If you are buying an old home, chances are that the property will not have stellar eco-credentials. Around 5 million homes in the UK were built prior to 1900, while around 10 million current homes were built before WW2. While such homes might have plenty of charm and no shortage of sentimental value, they are simply not great for the environment.
Older homes are draughty, energy-intensive, and generally all-around pollutants. However, that does not mean that an old home cannot become an eco-friendly home, with the right know-how. If you’re ready to renovate your home and incorporate some green home design principles, read on to find out more. Visit Aussie Clotheslines & Letterboxes
1. Go Solar
Probably one of the most impactful ways to approach eco-friendly home design is by installing solar panels. There is no reason why an old property cannot support solar panels, which take mere minutes to install and last for decades. What’s more, you might even be eligible for a number of lucrative financial incentives and tax credits from the government in exchange for going solar. It is also a way for you to avoid being held captive by the big energy companies, allowing you to keep your bills under control.
2. Invest in Double-Glazing
Many old homes still retain single-pane windows, which allow heat and energy to drain from your home rapidly, increasing your carbon footprint and your utility bills. However, with energy-efficient windows, you can dramatically reduce energy wastage. By choosing a qualified window company that specializes in installing modern double glazing in old homes, you can instantly boost the green credentials of any property.
One of the best home improvements that will always reduce your carbon footprint is proper insulation. Older homes typically have outdated or even non-existent insulation. Insulation is vital for helping your home to retain heat and the winter and to remain cool during the summer months. Without proper insulation, your home will use substantially greater amounts of electricity, costing your bank account and the planet.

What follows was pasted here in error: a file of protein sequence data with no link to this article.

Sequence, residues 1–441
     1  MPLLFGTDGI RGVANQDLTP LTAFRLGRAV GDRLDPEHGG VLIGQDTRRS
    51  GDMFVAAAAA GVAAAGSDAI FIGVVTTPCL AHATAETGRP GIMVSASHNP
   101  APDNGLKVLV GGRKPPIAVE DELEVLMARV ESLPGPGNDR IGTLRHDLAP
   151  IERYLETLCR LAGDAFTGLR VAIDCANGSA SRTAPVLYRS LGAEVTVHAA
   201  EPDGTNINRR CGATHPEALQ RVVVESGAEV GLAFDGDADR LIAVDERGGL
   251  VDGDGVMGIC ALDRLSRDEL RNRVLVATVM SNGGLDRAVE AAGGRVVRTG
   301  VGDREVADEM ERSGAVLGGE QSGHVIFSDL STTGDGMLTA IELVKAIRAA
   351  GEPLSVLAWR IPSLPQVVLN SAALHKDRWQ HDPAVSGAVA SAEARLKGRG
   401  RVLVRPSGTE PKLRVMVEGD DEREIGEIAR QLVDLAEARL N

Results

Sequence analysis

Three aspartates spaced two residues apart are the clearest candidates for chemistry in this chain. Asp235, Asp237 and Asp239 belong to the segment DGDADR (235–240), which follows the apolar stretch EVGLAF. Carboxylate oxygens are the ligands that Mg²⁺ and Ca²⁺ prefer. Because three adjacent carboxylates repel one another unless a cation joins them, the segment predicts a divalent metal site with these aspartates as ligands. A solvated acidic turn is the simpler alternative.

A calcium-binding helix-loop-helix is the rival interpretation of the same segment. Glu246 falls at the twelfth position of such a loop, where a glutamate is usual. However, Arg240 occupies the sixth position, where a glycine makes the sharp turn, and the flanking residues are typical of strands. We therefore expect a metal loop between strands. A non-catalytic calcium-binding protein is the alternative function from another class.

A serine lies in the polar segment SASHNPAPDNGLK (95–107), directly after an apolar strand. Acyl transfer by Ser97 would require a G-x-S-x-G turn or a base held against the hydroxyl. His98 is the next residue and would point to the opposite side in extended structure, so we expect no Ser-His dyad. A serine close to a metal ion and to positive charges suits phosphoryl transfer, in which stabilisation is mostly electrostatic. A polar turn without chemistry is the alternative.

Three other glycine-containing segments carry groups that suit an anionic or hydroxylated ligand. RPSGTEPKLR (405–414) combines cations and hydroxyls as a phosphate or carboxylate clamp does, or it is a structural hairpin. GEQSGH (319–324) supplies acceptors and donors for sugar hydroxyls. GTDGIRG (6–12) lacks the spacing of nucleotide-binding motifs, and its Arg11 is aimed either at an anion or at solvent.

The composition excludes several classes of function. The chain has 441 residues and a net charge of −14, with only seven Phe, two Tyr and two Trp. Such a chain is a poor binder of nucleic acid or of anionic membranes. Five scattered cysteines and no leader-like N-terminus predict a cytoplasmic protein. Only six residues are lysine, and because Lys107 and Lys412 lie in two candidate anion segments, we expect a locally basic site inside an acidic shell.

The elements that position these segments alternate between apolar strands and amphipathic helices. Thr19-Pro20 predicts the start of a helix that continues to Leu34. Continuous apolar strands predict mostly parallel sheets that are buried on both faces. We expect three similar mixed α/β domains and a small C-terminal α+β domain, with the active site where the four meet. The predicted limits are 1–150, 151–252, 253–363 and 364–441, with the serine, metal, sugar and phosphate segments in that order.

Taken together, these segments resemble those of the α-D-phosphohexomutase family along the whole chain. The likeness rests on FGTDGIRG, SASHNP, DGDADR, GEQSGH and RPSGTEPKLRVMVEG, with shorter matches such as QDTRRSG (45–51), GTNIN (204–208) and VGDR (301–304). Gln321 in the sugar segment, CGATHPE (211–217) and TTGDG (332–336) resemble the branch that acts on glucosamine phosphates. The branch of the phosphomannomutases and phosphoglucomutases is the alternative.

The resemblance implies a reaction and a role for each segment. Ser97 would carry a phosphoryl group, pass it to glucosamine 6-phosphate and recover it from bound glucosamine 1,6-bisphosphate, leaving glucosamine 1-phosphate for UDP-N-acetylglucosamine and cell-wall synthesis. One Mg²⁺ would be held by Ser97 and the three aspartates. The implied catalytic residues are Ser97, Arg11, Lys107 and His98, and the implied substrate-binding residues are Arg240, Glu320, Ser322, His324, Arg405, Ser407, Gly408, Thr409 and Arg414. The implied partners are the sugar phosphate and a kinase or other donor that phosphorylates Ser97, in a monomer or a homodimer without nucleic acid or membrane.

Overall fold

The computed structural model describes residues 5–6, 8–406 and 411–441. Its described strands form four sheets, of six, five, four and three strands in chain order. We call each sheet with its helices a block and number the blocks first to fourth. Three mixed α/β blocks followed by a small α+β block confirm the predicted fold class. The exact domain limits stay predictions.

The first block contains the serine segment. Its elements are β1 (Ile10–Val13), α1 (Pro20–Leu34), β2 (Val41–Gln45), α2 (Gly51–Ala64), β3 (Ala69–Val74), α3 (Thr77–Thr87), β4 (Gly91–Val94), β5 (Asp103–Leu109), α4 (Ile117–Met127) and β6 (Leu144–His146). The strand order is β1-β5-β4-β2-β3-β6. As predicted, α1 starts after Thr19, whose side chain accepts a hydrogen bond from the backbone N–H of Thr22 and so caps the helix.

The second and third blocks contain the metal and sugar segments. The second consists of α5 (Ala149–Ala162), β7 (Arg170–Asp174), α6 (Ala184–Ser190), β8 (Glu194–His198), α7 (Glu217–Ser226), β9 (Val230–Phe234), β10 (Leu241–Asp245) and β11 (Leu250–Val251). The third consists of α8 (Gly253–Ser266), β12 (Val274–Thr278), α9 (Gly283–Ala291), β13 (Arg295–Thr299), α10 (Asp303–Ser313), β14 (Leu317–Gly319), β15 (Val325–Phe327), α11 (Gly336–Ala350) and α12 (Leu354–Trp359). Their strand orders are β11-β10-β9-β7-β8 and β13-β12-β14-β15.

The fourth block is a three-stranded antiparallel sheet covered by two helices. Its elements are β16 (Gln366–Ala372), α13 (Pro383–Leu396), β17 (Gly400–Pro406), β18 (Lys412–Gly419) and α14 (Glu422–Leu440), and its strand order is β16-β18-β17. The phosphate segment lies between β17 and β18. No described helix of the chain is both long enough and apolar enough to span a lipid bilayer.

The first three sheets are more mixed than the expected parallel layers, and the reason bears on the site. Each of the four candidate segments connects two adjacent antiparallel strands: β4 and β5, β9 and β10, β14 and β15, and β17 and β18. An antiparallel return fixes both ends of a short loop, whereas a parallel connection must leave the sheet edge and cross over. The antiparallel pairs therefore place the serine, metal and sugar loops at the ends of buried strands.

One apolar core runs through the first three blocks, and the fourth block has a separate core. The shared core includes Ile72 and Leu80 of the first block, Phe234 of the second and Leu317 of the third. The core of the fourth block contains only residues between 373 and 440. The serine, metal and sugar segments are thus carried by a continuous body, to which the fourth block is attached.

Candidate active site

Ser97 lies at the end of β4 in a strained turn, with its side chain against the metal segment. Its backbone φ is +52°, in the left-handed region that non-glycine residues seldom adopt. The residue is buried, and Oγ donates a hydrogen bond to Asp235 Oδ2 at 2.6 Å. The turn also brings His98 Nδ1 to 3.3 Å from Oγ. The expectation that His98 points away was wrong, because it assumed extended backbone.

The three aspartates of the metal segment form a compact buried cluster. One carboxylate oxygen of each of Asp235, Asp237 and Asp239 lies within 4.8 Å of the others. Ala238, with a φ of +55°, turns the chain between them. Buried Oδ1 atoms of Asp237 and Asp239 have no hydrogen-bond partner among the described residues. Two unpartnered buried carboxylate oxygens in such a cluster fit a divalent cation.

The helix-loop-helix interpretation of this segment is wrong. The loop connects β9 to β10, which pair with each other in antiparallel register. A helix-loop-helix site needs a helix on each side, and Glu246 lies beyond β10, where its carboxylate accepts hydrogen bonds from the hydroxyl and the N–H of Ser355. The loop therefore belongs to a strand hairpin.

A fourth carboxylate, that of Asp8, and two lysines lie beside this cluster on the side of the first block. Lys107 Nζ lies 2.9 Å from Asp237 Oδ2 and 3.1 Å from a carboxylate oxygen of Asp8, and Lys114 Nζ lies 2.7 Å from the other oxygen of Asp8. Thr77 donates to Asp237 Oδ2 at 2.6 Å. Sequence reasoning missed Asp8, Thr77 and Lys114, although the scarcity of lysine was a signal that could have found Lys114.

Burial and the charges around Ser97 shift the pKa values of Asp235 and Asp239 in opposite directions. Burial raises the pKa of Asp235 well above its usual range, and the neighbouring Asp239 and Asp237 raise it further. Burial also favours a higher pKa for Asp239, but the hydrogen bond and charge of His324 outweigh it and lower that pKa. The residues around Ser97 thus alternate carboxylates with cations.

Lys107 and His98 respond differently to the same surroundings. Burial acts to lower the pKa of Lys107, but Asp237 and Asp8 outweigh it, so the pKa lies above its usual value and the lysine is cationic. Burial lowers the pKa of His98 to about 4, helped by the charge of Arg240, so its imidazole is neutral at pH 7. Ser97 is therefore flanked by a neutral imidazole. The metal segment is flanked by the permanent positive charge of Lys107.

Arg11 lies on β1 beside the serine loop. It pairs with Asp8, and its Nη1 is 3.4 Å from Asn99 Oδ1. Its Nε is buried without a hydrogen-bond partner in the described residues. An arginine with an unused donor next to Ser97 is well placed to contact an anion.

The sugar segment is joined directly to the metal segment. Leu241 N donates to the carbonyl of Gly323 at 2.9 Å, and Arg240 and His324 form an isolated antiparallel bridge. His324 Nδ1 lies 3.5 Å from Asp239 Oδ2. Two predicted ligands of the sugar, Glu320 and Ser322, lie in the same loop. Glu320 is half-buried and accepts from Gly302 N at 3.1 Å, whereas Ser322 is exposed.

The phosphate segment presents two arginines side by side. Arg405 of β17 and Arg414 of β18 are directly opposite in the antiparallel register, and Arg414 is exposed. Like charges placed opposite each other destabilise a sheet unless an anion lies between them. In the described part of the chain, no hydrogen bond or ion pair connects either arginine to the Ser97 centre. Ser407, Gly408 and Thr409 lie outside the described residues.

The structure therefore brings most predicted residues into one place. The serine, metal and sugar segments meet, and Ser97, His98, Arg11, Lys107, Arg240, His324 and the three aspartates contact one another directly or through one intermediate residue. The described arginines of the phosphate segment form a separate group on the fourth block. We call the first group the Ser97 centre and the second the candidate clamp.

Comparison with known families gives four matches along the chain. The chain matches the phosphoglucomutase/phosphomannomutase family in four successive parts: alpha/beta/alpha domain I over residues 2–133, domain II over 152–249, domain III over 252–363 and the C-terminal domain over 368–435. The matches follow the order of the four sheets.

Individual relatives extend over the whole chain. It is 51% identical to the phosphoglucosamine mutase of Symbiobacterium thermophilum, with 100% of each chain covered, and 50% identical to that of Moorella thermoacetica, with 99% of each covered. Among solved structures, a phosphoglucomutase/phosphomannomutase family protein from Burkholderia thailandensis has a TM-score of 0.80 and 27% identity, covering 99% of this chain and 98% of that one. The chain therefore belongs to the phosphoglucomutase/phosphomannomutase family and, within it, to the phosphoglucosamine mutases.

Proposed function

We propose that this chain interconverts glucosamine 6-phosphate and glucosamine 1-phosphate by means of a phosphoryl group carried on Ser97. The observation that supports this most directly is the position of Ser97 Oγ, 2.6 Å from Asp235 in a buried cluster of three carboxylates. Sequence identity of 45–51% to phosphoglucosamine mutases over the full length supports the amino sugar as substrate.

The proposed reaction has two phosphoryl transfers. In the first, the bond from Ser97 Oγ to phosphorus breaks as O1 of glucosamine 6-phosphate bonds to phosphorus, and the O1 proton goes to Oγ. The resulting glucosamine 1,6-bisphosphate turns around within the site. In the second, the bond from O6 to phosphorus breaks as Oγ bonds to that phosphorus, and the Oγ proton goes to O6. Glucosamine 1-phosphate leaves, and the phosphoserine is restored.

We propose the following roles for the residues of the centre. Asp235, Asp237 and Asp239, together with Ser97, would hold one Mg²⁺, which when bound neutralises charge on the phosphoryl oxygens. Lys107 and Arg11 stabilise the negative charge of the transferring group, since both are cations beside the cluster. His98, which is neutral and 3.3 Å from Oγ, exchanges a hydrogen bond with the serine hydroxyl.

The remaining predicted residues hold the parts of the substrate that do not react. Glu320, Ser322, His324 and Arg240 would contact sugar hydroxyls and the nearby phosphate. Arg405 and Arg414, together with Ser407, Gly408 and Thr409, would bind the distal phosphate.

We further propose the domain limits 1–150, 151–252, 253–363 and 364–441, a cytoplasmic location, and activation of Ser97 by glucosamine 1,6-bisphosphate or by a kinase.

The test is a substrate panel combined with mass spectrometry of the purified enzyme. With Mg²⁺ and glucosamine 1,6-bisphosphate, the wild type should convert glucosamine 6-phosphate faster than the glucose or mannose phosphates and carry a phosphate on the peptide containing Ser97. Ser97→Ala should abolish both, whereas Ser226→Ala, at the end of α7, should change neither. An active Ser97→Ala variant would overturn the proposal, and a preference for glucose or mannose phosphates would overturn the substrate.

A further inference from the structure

4. Implement Water-Saving Designs
It is impossible to have an eco-friendly home without having any water efficiency systems in place. Households typically waste around 900 billion gallons of water every single year. The vast majority of this wastage could be resolved by simply taking some simple water-saving measures. For example, installing a water meter will ensure that your faucets only use the exact amount of water that is needed for your household activities, not a drop more.
5. Recycle Wherever Possible
Finally, don’t forget to recycle! The perk of moving into an old house is that you are not contributing to climate change by building a whole new house, as housebuilding is one of the planet’s biggest carbon emitters. You can take this approach further by retaining as much of your old house as possible without throwing things out and buying new products that you don’t need.
More Tips for an Eco-Friendly Home
Turning your house into an eco-friendly home is not Aussie Clotheslines & Letterboxes as difficult as some people think. For more simple and straightforward tips on greening up your home, we have got you covered. Make sure to consult our expert DIY section for more hot green tips.